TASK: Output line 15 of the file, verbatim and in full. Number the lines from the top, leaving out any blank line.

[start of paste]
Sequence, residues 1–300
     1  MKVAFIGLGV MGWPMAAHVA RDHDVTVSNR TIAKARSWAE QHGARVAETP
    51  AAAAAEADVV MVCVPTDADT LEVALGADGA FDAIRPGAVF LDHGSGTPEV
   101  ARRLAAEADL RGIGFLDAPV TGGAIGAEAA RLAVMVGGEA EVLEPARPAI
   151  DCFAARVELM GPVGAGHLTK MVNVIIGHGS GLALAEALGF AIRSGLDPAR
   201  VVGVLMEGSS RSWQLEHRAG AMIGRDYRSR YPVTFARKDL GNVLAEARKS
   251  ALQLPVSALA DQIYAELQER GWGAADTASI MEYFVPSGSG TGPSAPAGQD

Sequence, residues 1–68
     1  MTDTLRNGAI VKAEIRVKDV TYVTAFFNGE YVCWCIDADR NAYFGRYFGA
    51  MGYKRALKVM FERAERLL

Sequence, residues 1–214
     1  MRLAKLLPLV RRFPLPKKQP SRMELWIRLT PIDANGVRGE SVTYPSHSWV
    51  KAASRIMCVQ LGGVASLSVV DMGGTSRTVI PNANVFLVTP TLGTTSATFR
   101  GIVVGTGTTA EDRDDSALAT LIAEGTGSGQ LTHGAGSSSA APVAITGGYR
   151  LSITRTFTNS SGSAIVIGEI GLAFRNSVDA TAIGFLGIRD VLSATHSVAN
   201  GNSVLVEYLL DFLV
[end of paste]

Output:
   151  LSITRTFTNS SGSAIVIGEI GLAFRNSVDA TAIGFLGIRD VLSATHSVAN